An amusing take on the census controversy. What do you think?
Can I let you in on a little secret? Hold on, let me just look around a sec to make sure no one's listening . . . OK, I think we're alone.
So here it is -- I hate the census, especially that long form. Hate it. Always have. Always will.
Shhhhh . . . don't yell! Boy, are most Canadians such compliant little citizens when it comes to the census. I know what some of you are going to say -- you have to be "counted in" so your province can collect federal funds, it's critically important for us to know how many Ethiopian speakers live in Canada or how many of us immigrated here from Transylvania, or own a goldfish, or whatever.
But I'm not buying it. The government already knows the important facts about us, and when they go after the smaller, private details of our lives with that dreaded long form they become like the worst kind of bullying, nosy neighbour.
While I appreciate that Ottawa needs a certain amount of data upon which to make policy decisions, the fascist methods employed by Sadistics Canada have always got under my skin.
The conflict stems from the bully boy way in which Ottawa collects census data. Basically, Parliament gave StatsCan the right to ask any question they want about our private lives and then forces us to answer upon threat of fines and prison. Is it just me, or doesn't that sound more like something Darth Vader or maybe Stalin would dream up instead of a supposedly free democracy?
I may be committing professional hara-kiri in saying this publicly, but I may be the only journalist in Canada who was pleased to learn last week that the Harper government was replacing the mandatory long form with a voluntary survey that will be sent to 4.5 million homes during next year's census.
Most journalists love census data, which they consume with nearly the same enthusiasm that their lungs consume air. On a slow news day, nothing perks up the typical journalist more than a fresh news release from StatsCan reporting on the latest divorce rate, life expectancy or per-capita jelly bean consumption. You don't even need to leave your desk to find something to write. Trust me, I've been there.
Since Industry Minister Tony Clement removed the threat of jail for people refusing to reveal their secrets, commentators have been falling over themselves to denounce the move as a Tory plot to undermine the creation of rational government policy, ignoring, of course, that we didn't have the long form until 35 years ago and apparently developed the country just fine.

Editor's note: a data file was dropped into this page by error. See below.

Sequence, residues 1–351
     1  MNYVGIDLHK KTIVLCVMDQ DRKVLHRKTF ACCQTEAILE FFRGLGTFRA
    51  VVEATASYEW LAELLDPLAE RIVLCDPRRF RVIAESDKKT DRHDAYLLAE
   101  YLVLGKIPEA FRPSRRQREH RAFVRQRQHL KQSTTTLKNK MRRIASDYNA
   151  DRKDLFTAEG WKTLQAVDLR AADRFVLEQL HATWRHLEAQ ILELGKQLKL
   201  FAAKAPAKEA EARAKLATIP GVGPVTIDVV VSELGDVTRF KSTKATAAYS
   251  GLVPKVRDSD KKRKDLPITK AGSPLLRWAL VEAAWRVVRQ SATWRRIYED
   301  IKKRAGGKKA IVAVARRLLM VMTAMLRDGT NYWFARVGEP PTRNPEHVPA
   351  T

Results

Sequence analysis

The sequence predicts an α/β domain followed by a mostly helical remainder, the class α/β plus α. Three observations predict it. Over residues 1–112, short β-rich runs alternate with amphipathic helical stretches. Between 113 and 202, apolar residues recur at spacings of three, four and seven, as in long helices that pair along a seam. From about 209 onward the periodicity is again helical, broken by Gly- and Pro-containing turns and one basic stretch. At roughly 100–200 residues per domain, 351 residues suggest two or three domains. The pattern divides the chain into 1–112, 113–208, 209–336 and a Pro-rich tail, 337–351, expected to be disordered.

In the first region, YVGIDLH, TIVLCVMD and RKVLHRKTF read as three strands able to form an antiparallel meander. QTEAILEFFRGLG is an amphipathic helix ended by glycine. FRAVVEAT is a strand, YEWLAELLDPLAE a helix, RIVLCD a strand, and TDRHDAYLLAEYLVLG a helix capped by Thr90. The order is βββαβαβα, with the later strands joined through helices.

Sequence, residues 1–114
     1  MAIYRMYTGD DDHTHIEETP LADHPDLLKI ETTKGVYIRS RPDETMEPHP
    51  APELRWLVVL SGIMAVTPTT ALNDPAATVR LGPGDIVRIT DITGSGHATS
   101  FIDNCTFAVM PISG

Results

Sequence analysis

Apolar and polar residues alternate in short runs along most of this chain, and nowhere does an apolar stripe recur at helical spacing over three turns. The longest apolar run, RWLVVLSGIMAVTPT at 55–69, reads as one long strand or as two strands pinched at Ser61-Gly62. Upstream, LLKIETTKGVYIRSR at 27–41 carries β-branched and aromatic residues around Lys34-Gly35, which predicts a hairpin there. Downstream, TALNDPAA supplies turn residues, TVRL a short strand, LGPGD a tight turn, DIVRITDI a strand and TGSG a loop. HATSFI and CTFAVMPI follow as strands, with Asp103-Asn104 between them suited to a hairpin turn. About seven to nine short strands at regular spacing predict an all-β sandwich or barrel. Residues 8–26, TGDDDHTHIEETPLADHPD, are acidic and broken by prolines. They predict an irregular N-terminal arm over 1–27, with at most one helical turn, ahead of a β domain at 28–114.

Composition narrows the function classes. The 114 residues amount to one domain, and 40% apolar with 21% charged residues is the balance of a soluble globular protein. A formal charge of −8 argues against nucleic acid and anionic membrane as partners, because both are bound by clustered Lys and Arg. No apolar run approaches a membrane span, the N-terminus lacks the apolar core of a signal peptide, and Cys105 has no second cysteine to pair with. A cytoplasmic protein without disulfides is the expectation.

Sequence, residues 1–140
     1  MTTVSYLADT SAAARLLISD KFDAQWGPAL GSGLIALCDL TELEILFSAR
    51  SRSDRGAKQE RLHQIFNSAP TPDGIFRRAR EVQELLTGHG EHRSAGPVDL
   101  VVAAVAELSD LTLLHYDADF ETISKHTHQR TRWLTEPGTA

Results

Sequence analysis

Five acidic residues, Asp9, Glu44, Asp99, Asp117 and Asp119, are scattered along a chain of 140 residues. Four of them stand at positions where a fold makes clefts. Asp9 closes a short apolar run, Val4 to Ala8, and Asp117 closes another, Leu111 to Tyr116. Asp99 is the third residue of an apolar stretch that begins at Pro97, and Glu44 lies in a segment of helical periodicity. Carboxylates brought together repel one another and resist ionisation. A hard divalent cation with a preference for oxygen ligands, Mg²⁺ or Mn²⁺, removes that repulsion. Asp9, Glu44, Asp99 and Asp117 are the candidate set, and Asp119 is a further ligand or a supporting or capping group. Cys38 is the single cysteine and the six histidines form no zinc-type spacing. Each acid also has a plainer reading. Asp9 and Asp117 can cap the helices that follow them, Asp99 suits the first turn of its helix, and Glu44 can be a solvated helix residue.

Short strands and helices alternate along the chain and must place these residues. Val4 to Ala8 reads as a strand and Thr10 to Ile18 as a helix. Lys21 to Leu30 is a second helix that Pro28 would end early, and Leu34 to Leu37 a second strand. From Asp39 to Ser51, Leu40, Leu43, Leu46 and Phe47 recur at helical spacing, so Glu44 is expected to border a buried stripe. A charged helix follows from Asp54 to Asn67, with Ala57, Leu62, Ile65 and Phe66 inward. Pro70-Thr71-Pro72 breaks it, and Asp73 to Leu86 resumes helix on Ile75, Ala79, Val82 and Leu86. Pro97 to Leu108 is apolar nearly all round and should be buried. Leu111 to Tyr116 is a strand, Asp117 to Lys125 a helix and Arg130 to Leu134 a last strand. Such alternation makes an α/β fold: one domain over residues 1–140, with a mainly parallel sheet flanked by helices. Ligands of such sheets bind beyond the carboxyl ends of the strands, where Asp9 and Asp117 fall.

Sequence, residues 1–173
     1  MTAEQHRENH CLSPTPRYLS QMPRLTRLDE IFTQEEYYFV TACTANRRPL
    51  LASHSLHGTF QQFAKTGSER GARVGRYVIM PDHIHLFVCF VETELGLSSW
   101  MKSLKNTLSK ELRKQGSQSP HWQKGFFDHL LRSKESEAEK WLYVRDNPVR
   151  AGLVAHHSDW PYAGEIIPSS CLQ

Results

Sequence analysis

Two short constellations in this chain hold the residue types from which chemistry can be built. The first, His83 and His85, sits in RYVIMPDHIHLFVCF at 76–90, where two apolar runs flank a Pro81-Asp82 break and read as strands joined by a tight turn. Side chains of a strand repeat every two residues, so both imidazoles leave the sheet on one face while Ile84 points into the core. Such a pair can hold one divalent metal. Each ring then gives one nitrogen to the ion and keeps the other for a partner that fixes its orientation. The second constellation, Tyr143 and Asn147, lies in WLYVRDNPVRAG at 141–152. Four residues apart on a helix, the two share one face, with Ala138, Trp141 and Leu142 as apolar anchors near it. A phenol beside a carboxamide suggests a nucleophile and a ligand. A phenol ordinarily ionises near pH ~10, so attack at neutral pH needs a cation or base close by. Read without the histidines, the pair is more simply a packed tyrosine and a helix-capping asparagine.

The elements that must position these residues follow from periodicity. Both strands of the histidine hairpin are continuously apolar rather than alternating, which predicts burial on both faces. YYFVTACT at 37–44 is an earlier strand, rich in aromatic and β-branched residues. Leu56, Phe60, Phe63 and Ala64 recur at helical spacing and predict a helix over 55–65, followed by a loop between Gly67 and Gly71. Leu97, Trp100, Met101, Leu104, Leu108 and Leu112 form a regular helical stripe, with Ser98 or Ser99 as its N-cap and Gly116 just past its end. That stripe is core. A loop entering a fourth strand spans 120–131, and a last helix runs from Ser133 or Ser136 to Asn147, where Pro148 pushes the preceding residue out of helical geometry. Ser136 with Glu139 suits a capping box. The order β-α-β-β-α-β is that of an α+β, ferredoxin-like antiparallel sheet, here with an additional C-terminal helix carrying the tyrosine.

One Vancouver commentator, David Eaves, suggested the move would be the end of "smart government." Really? The census has been around since 1871, and . . . sorry, I can't go on, I'm laughing too hard. "Smart government." Great joke.
And I just about wet myself when I read further to learn that Eaves, who describes himself as a "public policy entrepreneur," one of the better oxymorons I've heard recently, is on Vision Vancouver's board and is some sort of policy wonk to Gregor Robertson, our mayor for drug addicts and chickens.
Clement is right when he says the data from a voluntary form may be more accurate than under the current forced scheme, which resulted, for example, in 55,000 Canadians listing "Jedi" as their religion in the last census. It makes you wonder how accurate the rest of it was despite its $567-million cost. For that kind of money shouldn't those StatsCan folks be curing cancer or something? My definition of privacy is pretty simple-- it's information about myself and my family that we keep to ourselves. Privacy isn't something Ottawa benevolently grants us by promising not to tell others. I'll control my privacy, thanks very much. I don't mind being counted, but why do they need to know who lives in my house?
Then there are the actual questions, which are way too intrusive.
Do I have difficulty walking, seeing or bending? Well, I know I'm seeing red. As far as bending, it mostly feels like I'm being bent over.
Am I a landed immigrant? Isn't that something Immigration Canada keeps track of? And if they're not, exactly what are they doing?
What's my cultural origin? Again, who cares. I'm Canadian. It's about time we stopped being so focused on that one.
Am I an Eskimo? OK, again with the questions. Aren't status natives kept track of by an entire federal department that gets $7.3 billion a year?
Do I operate a farm? In Vancouver? Yeah, it's a 33-foot-wide, one-dog farm. Are you happy now?
How much education do I have? Is Ottawa offering me a job?
And the questions keep coming. Who do I work for, how many hours do I work a week, what's my income? OK, that last one is just way off base. Didn't the mothers of those StatsCan geeks not teach them that it's rude to ask someone how much they earn?
Income from government? OK, now I am worried. Doesn't Ottawa know how much they're paying people?
What are my property taxes? Ask the damn city! See what I mean? The whole thing is one long make-work project for stats freaks.
Any way, I'm glad the Tories are putting an end to the foolishness. And as for me, if they send me a survey, it's going straight to recycling, so don't even bother Mr. Clement. And while you're at it, how about refunding from my tax bill the price of the stamp you now won't need.